Mountain Dew drinks up social media (Q&A)

A sophisticated social-media marketing program shows how brands can extend themselves to new levels of audience engagement.

This past year we saw consumer brands embrace social-media programs for branding and product promotions in sophisticated ways that most tech companies haven't quite gotten to yet.

Much of the reason behind the tech lag is due to the breadth of the audience, but also because tech buyers have tended toward expressing their opinions to companies without being asked.

Mountain Dew recently unveiled the details of its year-long DEWmocracy 2 program, "an open communications platform that relies on the collective intelligence of loyal consumers to shape the direction of the brand and Mountain Dew innovation pipeline." In layman's terms this means it is looking to go beyond crowdsourcing and incorporate a huge variety of community marketing and branding efforts into a bigger strategy.

DEWmocracy 2 launched in July and is a 12-month, seven-stage campaign that will result in the production of a completely user-generated Mountain Dew beverage. This is not dissimilar to a program Vitaminwater ran on Facebook earlier this year to crowdsource ideas for new flavors. The main difference is that DEWmocracy is a sophisticated, fairly massive endeavor, encompassing online communities like Facebook, video submissions, Twitter, and a variety of ways to vote, allowing users to share their thoughts.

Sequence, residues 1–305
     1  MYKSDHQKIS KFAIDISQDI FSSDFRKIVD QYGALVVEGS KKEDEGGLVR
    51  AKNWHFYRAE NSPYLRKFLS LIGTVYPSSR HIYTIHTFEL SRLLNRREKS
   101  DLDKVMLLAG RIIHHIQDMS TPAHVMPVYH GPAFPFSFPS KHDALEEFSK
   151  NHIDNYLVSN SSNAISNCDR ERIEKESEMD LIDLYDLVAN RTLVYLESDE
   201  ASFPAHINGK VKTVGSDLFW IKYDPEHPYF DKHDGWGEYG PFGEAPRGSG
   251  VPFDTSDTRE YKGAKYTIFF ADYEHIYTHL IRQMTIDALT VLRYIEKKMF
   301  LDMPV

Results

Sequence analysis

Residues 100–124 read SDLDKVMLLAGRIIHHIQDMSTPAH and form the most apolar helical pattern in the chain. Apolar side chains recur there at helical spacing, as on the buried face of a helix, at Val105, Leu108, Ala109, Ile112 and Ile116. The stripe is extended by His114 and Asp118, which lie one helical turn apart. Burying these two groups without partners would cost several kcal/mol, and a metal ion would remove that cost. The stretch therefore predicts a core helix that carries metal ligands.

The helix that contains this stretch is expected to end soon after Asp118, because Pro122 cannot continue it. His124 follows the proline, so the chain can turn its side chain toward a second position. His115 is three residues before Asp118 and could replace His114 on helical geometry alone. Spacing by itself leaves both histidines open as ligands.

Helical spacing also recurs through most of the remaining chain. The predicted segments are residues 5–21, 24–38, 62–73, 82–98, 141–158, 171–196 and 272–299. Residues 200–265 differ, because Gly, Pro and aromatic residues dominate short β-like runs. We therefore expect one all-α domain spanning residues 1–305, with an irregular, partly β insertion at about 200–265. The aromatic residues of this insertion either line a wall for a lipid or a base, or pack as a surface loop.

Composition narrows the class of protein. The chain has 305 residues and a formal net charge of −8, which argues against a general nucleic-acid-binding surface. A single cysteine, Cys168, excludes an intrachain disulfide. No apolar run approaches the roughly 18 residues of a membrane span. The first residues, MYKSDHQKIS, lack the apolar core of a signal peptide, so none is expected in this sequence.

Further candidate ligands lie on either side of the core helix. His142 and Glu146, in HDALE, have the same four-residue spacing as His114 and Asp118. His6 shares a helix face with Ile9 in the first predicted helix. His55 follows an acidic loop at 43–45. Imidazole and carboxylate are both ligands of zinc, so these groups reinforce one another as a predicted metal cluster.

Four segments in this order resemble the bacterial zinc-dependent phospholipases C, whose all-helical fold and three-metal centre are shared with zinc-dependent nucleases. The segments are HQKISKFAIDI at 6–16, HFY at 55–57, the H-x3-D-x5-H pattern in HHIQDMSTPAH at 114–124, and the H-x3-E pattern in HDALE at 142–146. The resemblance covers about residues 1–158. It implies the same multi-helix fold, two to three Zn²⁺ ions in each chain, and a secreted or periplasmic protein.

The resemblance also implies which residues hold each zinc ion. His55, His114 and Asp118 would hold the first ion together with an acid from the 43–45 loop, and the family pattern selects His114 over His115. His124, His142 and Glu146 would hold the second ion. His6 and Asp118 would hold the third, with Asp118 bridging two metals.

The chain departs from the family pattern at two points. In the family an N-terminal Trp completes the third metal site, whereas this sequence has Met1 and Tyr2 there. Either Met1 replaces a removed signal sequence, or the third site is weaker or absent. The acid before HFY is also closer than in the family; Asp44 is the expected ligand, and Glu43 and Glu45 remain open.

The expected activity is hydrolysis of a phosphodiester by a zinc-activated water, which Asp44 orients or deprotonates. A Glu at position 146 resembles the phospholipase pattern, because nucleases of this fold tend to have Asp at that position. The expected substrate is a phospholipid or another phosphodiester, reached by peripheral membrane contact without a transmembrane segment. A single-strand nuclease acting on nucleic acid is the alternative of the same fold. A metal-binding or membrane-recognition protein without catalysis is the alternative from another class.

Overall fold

I put forth a number of questions about the program to Brett O'Brien, director of marketing, Mountain Dew, detailed below.

What stage of the program are you currently in?
We completed the advertising challenge, which is the sixth stage of DEWmocracy, on December 13. DEW fans voted for their favorite advertising submissions, choosing six finalists. The finalists will now create short pitch videos for the Flavor Nations, which will each select which ad creator they would like to work within 2010 to create ads that will run on national TV.

Has any one particular tool been most effective in your marketing efforts?
Several tools have been effective, but we're particularly impressed with the consumer response to our call for video submissions on 12seconds.tv. In total, more than 1,000 videos [were] created by consumers and posted on 12seconds.tv and other social-media outlets. That type of response, coupled with the quality of the video submissions, screams a high level of consumer engagement. Consumer video submissions also enabled DEW loyalists to share content with other DEW drinkers and introduce them to the program not through the voice of the brand, but through the enthusiasm of fellow DEW fans.

How are you measuring success?
The level of engagement among DEW consumers is a key metric. At each stage of the campaign, DEW fans have shown an eagerness to interact with each other as well as the brand. A few key metrics include:

  • 4,000 members of the DEW Labs community, which is the core group of DEW loyalists guiding this overall process.
  • DEW's Facebook friends increased roughly 500% since the start of DEWmocracy 2.